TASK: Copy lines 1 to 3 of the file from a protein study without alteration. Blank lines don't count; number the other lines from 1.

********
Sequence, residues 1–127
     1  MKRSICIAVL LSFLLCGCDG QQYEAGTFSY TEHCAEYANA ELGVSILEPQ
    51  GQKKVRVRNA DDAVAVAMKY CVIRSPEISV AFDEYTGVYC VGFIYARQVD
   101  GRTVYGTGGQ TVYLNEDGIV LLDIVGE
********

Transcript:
Sequence, residues 1–127
     1  MKRSICIAVL LSFLLCGCDG QQYEAGTFSY TEHCAEYANA ELGVSILEPQ
    51  GQKKVRVRNA DDAVAVAMKY CVIRSPEISV AFDEYTGVYC VGFIYARQVD